Design Input

Each manufacturer shall establish and maintain procedures to ensure that the design requirements relating to a device are appropriate and address the intended use of the device, including the needs of the user and patient. The procedures must also address incomplete, ambiguous, or conflicting design requirements, along with any human factors inputs. The future state of design inputs under QMSR will also incorporate risk control measures that focus on risk management throughout the entire device life cycle — analysis that is now only required within design validation.

Design inputs need to be technical and detailed to capture all device safety and performance requirements, and allow precise interpretation by engineers and development teams. Design inputs are translated from user needs, which tend to be less exacting. 21 CFR 820.30 makes no differentiation between design inputs and user needs, but many in the industry do — necessitating separate user need and design input documentation, with subsequent review, and approval by a designated individual/s from the medical device manufacturer.

Design Output

Each manufacturer shall establish and maintain procedures for defining and documenting design outputs in terms that allow adequate evaluation of conformance to design input requirements, and to document proper device function and acceptance criteria. Just like other design controls, review and approval by designated individual/s from the medical device manufacturer are required prior to release.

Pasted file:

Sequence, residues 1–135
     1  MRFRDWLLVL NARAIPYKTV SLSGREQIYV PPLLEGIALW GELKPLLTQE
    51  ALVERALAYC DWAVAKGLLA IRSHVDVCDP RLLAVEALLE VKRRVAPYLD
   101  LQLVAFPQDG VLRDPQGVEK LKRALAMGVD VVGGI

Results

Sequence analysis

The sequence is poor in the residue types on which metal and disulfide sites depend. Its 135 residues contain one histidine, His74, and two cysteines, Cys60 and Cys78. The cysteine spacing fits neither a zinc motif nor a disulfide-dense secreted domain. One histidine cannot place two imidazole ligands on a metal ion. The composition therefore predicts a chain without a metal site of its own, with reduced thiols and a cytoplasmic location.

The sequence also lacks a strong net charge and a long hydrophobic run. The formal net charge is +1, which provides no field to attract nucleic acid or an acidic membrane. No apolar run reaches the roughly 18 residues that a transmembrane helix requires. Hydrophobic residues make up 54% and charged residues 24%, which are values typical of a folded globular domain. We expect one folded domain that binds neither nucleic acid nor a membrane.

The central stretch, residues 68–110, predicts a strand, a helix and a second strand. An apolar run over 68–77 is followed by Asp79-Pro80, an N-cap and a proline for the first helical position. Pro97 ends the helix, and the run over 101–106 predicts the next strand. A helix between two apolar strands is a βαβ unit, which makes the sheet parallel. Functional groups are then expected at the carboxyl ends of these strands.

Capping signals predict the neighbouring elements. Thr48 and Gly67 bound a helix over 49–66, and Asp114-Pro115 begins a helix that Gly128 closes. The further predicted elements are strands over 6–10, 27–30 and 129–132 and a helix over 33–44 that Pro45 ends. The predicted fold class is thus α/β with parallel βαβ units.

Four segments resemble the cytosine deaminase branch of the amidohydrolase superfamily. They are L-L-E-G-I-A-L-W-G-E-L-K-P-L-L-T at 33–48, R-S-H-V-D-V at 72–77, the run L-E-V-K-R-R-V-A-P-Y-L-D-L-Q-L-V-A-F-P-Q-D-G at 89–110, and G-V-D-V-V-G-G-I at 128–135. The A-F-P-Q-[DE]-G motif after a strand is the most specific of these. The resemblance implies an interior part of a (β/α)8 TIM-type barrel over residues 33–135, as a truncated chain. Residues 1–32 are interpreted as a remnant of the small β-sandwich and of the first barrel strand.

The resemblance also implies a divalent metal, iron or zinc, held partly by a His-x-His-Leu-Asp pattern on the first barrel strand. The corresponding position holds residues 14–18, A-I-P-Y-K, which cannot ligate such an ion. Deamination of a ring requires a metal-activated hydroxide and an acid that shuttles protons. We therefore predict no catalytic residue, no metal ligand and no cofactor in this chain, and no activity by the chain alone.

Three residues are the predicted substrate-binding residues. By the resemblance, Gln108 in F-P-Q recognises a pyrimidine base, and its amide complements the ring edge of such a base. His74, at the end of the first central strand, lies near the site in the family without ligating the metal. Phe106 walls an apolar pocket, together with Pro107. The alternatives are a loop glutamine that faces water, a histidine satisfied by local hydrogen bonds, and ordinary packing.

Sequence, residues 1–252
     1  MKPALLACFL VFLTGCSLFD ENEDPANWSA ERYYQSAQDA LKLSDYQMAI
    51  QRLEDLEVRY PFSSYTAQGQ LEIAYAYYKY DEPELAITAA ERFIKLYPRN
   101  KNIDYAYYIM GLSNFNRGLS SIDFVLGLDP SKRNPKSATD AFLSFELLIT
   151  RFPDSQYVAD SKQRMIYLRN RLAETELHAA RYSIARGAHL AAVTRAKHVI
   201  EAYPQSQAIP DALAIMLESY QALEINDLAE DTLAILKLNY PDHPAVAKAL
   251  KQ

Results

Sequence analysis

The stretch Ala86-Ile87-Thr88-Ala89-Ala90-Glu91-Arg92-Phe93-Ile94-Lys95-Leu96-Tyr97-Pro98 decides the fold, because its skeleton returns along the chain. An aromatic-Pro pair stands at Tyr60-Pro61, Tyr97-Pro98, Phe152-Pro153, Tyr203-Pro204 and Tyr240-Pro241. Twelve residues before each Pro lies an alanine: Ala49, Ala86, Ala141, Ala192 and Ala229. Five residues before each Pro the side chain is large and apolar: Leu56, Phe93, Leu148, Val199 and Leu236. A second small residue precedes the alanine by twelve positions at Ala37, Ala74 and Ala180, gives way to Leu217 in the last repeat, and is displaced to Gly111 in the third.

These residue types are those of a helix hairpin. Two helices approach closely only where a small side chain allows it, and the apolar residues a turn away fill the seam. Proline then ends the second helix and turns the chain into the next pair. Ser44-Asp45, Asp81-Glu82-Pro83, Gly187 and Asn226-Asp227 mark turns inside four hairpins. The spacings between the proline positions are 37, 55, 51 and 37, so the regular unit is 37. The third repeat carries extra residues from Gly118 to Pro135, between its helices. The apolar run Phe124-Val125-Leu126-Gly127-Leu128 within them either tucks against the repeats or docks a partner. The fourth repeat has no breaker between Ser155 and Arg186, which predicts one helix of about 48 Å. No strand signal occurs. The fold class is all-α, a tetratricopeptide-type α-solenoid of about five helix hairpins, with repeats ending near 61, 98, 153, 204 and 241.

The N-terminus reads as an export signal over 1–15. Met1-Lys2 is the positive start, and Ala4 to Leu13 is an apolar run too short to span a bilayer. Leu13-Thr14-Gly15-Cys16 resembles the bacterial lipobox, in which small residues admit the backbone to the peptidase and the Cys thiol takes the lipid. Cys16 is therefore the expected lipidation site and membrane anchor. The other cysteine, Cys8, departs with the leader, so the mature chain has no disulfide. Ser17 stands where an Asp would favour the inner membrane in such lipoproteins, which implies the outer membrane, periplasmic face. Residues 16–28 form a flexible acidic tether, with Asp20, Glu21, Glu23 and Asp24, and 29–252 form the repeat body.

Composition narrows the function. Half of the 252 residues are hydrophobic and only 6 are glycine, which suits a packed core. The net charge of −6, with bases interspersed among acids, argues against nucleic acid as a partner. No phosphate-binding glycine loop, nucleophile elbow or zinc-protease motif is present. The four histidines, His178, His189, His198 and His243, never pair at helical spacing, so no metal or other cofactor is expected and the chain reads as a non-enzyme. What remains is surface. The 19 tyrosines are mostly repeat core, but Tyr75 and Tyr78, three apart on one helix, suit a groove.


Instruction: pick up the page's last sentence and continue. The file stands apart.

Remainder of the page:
Design outputs are highly technical and developed by engineers, scientists, and other technical experts. CAD drawings, formulations, specifications, code, electrical schematics, etc., are contained in design outputs and are critical in verifying the device design, and validating the device will perform as intended and meets the user needs.

Design Review

Each manufacturer shall establish and maintain procedures to ensure that formal documented review of the design phases are planned and conducted at appropriate stages of the device’s design development.

Design review compels intermittent assessment of product development. It gives teams the opportunity to identify completed activities, discuss needs for modifications, review risk, and determine if any project plan changes are needed. It’s a critical step in ensuring that the entire product development team is aligned and are adhering to safety, performance, and regulatory expectations.